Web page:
Roman Catholics call the mother of Jesus “the Blessed Virgin Mary,” and rightly so.
When she came to visit her relative Elizabeth, who was miraculously pregnant with John the Baptist, the old woman “was filled with the Holy Spirit” (Luke 1:41) and she prophesied. “Blessed are you among women, and blessed is the fruit of your womb!” she told Mary. “And problessed is she who believed that there would be a fulfillment of what was spoken to her from the Lord.” (Luke 1:42, 45).
In response, Mary exulted in the inspired song we call the Magnificat, “For behold, from now on all generations will call me blessed; for he who is mighty has done great things for me, and holy is his name” (Luke 1:48-49).
But in what sense was Mary blessed? She lived a hard life. Another prophecy she would soon receive was that “a sword will pierce through your own soul” (Luke 2:35). She had to flee to Egypt to protect her baby Son from the king’s murderers (Matthew 2:13-18). She watched her Son being crucified (John 19:25-27). To be sure, she also saw Him risen from the dead, and she was in the upper room with the disciples on Pentecost when the Holy Spirit descended on them all (Acts 1:14).
But this was not the kind of blessing promised by the Prosperity Gospel, the wealth and health and success that many people think of in connection to being blessed.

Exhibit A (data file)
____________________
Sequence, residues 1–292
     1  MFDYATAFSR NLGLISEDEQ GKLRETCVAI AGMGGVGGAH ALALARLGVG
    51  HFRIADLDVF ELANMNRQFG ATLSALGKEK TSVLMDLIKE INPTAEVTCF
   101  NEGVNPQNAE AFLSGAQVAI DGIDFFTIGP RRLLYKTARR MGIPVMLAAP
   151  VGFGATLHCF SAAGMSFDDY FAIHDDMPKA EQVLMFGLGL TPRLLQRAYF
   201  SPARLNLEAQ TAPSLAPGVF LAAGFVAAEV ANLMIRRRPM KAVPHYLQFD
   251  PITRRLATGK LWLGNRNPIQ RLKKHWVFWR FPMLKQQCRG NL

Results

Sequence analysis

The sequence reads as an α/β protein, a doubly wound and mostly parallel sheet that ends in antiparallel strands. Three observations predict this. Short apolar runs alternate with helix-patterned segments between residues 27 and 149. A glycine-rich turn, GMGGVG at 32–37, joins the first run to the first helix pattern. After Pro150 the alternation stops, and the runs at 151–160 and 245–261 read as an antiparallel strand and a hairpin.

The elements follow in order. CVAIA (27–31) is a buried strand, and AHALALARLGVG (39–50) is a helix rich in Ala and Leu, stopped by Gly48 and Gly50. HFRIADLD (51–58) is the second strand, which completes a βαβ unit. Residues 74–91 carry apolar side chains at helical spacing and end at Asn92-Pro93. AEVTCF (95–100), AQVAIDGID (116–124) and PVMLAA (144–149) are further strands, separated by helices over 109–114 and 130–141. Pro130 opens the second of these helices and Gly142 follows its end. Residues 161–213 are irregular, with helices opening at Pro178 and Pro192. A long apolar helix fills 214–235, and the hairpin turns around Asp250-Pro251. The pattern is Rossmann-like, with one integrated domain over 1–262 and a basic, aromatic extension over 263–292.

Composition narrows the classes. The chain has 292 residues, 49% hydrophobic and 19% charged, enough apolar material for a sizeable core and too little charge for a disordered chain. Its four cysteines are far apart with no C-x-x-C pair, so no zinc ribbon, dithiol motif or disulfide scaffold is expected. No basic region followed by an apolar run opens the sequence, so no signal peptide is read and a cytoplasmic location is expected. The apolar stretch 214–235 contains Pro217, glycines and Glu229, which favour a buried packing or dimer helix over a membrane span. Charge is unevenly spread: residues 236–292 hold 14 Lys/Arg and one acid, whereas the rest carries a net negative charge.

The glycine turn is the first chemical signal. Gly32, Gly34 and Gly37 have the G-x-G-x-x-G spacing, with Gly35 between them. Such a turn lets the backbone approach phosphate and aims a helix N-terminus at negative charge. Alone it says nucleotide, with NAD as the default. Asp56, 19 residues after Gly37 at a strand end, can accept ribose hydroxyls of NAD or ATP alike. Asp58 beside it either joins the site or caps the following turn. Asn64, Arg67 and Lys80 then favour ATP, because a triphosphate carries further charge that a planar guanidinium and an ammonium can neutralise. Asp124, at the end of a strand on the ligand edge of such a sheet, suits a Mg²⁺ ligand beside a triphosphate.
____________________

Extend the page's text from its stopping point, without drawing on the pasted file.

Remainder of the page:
As the Swedish Lutheran bishop and novelist Bo Giertz points out, Mary was blessed “as in the beatitudes.”
According to Jesus, the blessed are the poor in spirit, mourners, the meek, those who hunger and thirst for righteousness, the merciful, the pure in heart, the peacemaker, the persecuted, the reviled. And the blessings are the kingdom of heaven, comfort, inheriting the earth, satisfaction, mercy, seeing God, being called sons of God, the kingdom of heaven, a great reward in heaven (Matthew 5:3-11).
In his sermon for the 4th Sunday in Advent, collected in A Year of Grace, Vol. I, reflects on these scriptures. Mary’s blessedness–and ours–he says, grows out of her faith. As Elizabeth said, “blessed is she who believed.” What did she believe? God’s Word. As she said to God’s messenger, the angel Gabriel, at the Annunciation, “let it be to me according to your word.” Comments Bishop Giertz,
Belief–it was that which was greatest about Mary. And she can teach us what faith is all about. What was it she believed? That which the Lord had said to her. Belief holds on no matter how impossible and inconceivable for man. The Lord had said it, and Mary believed it. And then she was blessed.
But this was not just an intellectual reflection.
There we see hat it is to believe. It is not as we like to say, “I believe, I think, that it is so here.” It is not what we think but what has happened, what God has done. And I have understood, that it was for my sake.
Do as Mary did–believe Him!–so you too will be blessed and your path will be blessed, that which was meant for you when God allowed you to be born. That which was the most important for Him was that He would receive you as His child. For this reason, He did this and let Mary birth this child upon which all things depend. Do not forget it. Amen.
Illustration: “The Visitation,” at Troyes Cathedral, CC BY-SA 4.0 <https://creativecommons.org/licenses/by-sa/4.0>, via Wikimedia Commons